In Christian Science, Spirit, as a proper noun, is the name of the Supreme Being. It means quantity and quality, and applies exclusively to God.
—Mary Baker Eddy
Science and Health with Key to the Scriptures, p. 93
I’ve found that one of the most effective ways to start living life from a limitless perspective—which would include a limitless perception of quantity (of resources, finances, assets, and more)—is to think consciously in terms of ideas instead of material objects, because ideas are indivisible. On the most basic human level, if you cut a pie in half and give half to a friend, each one has only half a pie. But if we share an idea with someone, it multiplies—both have the idea, pointing to unlimited quantity. This merely hints at spiritual reality, in which all ideas originate in, and emanate from, inexhaustible divine Mind, God, the eternal multiplier and indestructible substance of all. In fact, I learned when growing up to trust this great truth of God and saw proof after proof of its practicality in meeting my human needs both at home and overseas.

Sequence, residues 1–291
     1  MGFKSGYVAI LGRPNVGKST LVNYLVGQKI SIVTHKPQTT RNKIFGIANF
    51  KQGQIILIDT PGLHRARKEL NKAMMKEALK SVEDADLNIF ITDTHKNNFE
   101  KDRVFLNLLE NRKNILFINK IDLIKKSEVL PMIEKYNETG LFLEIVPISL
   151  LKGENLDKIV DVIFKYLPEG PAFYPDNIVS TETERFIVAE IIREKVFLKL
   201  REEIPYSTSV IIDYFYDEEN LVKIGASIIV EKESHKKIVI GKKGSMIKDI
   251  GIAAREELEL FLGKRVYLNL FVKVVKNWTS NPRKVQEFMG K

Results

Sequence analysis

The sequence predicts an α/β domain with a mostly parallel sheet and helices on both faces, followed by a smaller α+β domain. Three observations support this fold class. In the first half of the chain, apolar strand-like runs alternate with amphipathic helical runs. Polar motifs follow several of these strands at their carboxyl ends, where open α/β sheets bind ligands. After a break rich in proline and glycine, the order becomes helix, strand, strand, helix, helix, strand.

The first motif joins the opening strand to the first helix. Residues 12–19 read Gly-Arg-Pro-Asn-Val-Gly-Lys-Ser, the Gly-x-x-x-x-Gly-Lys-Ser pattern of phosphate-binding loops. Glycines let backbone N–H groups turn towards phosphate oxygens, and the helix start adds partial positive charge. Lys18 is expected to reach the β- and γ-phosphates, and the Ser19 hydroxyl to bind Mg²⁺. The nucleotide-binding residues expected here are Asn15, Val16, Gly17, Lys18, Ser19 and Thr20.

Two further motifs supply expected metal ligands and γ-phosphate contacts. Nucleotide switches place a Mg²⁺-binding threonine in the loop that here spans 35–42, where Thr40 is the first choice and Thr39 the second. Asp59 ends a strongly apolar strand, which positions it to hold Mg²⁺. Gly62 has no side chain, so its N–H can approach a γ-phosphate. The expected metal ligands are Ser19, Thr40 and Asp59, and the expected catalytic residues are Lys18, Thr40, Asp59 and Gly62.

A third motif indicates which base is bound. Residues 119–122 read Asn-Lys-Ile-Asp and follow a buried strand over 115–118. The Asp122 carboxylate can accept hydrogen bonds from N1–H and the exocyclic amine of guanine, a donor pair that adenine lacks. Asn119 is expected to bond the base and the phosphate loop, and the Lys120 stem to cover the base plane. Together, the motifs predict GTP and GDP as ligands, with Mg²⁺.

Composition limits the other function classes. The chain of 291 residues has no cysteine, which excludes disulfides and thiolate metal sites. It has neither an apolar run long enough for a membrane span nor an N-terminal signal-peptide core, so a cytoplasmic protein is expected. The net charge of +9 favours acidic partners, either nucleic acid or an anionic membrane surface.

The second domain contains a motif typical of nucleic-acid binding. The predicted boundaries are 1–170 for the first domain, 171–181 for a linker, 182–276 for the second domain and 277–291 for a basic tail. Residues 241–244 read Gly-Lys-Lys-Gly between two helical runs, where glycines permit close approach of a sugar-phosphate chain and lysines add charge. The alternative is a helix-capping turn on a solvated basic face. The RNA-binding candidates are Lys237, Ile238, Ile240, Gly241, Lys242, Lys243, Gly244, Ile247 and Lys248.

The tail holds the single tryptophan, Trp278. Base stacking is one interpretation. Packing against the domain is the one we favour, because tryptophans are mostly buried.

The time came, however, many years ago, when my understanding of infinite substance and supply would have to develop in new and higher ways. As the result of a completely unexpected event, I found myself with significant financial challenges. Much of the profit that my business had generated over the years had been reinvested in the business, so I had virtually no savings. And there were the ongoing financial obligations of a mortgage and normal home maintenance, as well as business and living expenses.
Remarkably, a few months before this need was apparent—and in line with Isaiah’s prophecy that “before they call, I will answer” (65:24)—a clear spiritual message came, as if spoken, telling me to sit down, pick up my pen, and get ready to write. And this is what I “heard” and wrote down: “All figures are drawn on infinity.”
In retrospect, I see so clearly what God was doing for me—and how it was being done. With six simple words, Love was teaching me two distinct and precious lessons: 1) the beauty and undaunting nature of numbers, and 2) their infinite source.
Likely because from childhood visual art had been my most cherished means of expression, my initial response to God’s message was to think of figures, or numbers, in terms of visual art—in terms of drawing figures. In those first minutes, I thought only of the beauty of individual numbers as distinct, unchanging ideas—drawn on the canvas of infinity.